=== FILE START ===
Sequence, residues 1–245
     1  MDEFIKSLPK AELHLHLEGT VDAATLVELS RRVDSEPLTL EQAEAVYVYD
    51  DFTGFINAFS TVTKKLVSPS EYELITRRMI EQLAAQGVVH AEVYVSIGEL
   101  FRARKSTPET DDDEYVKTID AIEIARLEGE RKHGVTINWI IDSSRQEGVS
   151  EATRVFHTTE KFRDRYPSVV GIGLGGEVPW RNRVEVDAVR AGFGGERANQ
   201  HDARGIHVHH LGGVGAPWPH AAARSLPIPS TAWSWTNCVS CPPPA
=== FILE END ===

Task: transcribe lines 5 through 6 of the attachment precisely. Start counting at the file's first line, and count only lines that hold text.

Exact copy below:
   151  EATRVFHTTE KFRDRYPSVV GIGLGGEVPW RNRVEVDAVR AGFGGERANQ
   201  HDARGIHVHH LGGVGAPWPH AAARSLPIPS TAWSWTNCVS CPPPA